London, 19 Oct 2004.
For immediate release.

Contact the ABD

Previous
Press Release
Next

Tired Driving a Far Bigger Problem than Speeding
Is It a Result of Government Policy?
Tired driving causes 17% of deaths and serious injuries whilst drivers breaking the speed limit cause only around 3 to 4%. The ABD questions whether the two could be related?
 
ABD road safety spokesman Mark McArthur-Christie explained:
"The government have in recent years targeted all their efforts to stop drivers setting their speeds at a safe level for the road conditions by ratcheting down limits and enforcing them in a draconian fashion. As a result many drivers are driving in a 'switched out' fashion, becoming 'cruise missiles' as they crawl along at an unnaturally slow speed. Their journeys take far longer and concentration wanders whilst blindly following the car in front."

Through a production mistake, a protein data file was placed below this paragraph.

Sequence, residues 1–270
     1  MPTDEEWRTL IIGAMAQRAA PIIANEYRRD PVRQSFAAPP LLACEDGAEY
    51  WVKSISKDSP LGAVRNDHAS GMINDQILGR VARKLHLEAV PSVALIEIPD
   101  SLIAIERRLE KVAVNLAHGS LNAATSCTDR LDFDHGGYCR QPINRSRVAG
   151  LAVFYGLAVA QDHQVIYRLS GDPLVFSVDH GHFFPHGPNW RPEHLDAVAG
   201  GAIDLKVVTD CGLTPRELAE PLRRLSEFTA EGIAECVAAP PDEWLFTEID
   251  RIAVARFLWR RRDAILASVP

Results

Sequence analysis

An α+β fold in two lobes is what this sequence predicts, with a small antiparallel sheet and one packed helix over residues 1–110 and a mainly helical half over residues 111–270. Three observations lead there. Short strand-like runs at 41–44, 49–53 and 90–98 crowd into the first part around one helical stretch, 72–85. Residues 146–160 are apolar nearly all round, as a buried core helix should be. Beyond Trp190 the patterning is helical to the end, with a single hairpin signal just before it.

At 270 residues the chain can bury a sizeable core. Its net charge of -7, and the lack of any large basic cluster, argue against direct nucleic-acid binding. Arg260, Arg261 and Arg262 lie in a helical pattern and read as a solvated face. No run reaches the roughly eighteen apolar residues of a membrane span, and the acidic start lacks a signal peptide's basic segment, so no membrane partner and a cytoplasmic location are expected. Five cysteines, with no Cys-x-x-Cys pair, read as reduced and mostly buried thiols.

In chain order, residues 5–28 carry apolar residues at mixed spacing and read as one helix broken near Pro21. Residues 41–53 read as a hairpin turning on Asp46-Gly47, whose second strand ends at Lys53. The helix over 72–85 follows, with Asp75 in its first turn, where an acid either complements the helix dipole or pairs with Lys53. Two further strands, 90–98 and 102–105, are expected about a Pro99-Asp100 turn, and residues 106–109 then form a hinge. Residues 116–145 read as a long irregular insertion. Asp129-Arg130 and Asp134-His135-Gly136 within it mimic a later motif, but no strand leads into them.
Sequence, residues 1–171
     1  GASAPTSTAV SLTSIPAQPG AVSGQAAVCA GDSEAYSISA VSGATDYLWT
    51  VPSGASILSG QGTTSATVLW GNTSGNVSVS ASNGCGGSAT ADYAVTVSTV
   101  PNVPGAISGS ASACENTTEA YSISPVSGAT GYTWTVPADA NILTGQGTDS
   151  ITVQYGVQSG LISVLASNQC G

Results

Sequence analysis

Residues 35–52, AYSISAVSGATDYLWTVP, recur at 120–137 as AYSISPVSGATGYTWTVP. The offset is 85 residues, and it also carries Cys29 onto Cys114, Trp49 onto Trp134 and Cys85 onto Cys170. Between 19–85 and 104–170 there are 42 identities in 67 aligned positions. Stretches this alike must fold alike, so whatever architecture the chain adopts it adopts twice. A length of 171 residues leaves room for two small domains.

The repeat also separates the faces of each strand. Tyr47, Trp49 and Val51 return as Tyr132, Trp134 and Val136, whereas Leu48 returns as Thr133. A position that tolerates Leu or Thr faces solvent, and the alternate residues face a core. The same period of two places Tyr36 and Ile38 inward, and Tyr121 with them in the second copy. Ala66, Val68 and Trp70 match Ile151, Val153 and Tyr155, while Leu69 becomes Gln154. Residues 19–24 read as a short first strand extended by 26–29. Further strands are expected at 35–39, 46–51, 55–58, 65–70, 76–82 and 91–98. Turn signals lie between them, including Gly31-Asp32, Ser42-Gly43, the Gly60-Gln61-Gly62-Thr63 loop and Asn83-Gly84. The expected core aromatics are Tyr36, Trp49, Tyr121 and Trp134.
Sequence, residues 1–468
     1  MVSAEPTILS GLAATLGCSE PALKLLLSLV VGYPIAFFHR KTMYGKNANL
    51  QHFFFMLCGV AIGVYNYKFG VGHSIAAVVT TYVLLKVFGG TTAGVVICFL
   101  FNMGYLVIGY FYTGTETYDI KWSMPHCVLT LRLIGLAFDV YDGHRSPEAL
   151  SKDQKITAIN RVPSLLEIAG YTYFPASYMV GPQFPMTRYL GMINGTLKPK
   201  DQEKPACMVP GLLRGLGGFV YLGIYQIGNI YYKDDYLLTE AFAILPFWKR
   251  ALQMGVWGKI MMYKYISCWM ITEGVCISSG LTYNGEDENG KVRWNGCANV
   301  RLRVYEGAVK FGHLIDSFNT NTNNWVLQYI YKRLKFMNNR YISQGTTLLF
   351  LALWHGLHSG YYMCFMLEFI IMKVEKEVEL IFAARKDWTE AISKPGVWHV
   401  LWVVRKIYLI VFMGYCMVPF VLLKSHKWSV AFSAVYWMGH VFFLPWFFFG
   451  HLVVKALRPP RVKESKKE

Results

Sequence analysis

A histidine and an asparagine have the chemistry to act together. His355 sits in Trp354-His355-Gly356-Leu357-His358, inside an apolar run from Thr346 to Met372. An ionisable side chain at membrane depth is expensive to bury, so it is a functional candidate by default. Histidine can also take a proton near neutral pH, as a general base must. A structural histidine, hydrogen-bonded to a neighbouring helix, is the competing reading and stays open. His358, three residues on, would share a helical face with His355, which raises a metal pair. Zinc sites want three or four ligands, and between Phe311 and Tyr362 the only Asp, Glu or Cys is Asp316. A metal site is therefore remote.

McArthur-Christie continued:
"The sort of driving now being encouraged is obviously far more likely to induce sleepiness than driving naturally whilst continually adjusting speed for the road conditions and perceived hazards — this is emphasised by the DfT's figures which show 32% of sleep related crashes caused by goods vehicles. This is much a much higher proportion than the 67% caused by cars when the relative numbers on the road are taken into account yet goods vehicles are fitted with tachographs to prevent extended driving hours. The ABD questions whether the problem could be caused because they are electronically governed to 56MPH."
ABD Chairman Brian Gregory said:
"Some serious research is urgently needed into the effects of the DfT's speed policies. As there is much evidence that the 3-4% of fatal and serious injury crashes that occur above the speed limit are caused by drunk/drugged drivers or those in stolen cars, it would seem that the 'one trick pony' of recent years is a futile way of attempting to reduce casualties anyway as the sober, legal driver crashing above the speed limit is a very rare animal. Perhaps now the DfT will recognise the negative impacts of their 'dumbing down' of driving standards in the UK".

 

 
Notes for Editors